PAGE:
Over two years into the trial, the court broke away from the conventional approach and held that those “caring and capable” hands of the aged couple are the right ones to take care of Khushi (name changed).
The custody case was filed by her mother, Sakshi, on the established contention that a mother is the best guardian for her child.
Dismissing the petition, Additional District Judge (ADJ) Kamini Lau observed that the notion could not be approved in all cases.
Lau observed that while deciding a matter pertaining to custody of a child torn between warring guardians, the paramount consideration had to be her welfare and all other arguments could be put to rest.
“For a society that has been changing swiftly with the times, the courts, which have often inclined towards mothers, need to re-look and introspect before deciding such cases,” said the judge.
“It can no longer be ignored that there is a societal shift, particularly in urban areas, where women have also undertaken the role of a bread earner in addition to the traditional role of housekeeping,” said the court, pointing to the fact that the children were often with their grandparents when their mothers were at work.
“In the process, the minor children spend more time with their grandparents and other members of the family and get more attached to them,” noted the ADJ.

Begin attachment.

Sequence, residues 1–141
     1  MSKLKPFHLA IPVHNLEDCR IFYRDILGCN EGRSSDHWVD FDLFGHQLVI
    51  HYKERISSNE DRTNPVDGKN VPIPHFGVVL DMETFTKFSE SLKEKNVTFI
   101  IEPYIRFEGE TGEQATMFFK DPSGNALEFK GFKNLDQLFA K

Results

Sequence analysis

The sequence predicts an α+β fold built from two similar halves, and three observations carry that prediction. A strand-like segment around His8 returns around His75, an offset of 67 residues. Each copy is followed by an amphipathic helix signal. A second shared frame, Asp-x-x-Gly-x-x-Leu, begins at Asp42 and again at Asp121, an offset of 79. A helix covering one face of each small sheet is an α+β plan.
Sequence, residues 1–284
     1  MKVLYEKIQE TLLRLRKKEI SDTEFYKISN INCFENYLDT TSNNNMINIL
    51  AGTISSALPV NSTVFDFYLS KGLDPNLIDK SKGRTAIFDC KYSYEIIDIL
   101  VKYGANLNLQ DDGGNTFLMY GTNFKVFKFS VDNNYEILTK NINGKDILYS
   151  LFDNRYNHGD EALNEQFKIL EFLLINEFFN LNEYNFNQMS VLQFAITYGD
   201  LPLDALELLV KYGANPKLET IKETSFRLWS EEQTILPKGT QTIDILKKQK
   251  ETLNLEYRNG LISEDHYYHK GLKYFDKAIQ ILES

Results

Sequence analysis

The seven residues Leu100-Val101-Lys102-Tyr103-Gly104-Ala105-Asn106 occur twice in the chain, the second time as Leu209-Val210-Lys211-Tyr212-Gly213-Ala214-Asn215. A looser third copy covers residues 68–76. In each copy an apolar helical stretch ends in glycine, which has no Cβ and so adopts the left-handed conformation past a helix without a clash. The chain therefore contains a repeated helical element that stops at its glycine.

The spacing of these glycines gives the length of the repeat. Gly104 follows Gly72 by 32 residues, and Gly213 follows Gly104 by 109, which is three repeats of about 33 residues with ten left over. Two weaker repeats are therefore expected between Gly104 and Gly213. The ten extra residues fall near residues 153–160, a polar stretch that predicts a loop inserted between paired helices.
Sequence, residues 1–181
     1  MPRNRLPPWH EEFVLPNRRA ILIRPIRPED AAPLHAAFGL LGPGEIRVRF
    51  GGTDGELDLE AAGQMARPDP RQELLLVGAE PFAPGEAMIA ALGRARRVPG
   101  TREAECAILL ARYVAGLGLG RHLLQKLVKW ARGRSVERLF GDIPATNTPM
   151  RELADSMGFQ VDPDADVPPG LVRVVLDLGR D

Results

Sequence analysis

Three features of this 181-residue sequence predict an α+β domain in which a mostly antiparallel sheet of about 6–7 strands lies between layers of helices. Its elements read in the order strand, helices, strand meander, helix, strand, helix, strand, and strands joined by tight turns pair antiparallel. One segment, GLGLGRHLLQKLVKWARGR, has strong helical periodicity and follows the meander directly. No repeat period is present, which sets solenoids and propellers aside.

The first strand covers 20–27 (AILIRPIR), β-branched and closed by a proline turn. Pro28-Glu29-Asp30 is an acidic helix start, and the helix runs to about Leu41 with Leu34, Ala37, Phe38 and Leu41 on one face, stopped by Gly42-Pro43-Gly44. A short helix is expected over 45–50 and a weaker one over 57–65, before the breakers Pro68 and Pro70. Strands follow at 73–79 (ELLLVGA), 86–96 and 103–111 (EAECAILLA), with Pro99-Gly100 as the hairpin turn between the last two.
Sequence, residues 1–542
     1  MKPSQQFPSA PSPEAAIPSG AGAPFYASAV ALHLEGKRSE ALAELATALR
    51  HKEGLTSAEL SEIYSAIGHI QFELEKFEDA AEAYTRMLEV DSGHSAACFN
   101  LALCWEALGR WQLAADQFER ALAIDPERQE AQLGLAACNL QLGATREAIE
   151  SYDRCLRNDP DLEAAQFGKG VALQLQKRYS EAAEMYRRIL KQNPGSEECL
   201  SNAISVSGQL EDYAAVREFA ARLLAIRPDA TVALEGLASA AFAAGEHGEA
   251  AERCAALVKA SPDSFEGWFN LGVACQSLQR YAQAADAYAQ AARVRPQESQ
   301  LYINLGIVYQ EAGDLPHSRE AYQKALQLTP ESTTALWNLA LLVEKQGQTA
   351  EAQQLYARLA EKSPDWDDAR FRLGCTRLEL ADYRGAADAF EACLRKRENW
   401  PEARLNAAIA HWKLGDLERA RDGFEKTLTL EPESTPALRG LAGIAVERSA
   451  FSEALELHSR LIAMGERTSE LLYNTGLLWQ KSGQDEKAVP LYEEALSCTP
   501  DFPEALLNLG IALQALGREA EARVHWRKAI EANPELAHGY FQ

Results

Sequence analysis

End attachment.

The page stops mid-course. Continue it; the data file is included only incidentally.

Honouring the role of grandparents in such a set-up, the court said: “Let us not ignore the strong emotional bond that exists between grandparents and children in our traditional Indian homes.”
Sakshi had moved the court against her in-laws, seeking Khushi’s custody from her grandparents, with whom the girl had been staying since her birth.
According to Sakshi, a nurse in a private hospital here, she was the best one to look after the interest of Khushi after her husband’s death.
She had left her matrimonial home in 2004 and since then Khushi has been with her grandparents. Sakshi has another child who stays with her.
The ADJ found it best to hear out the girl before deciding the case.
Unequivocal and straight, Khushi told the judge that she was happy with her grandparents, who took good care of her, and that she did not want to go with her mother.
Convinced about the strong emotional bond that the girl shared with her grandparents, the court also noted that since Sakshi was a working woman, she would have less time for Khushi, while her grandparents could devote ample time to her.
The judge also looked into the economical aspects and observed that her grandparents were getting their regular pensions while Sakshi’s earning were not consistent.
“In view of her wishes, if the custody of the minor girl is disturbed, it would be detrimental to her interest. The better welfare of the minor demands that she be allowed to continue under the care and custody of her grandparents,” held the court.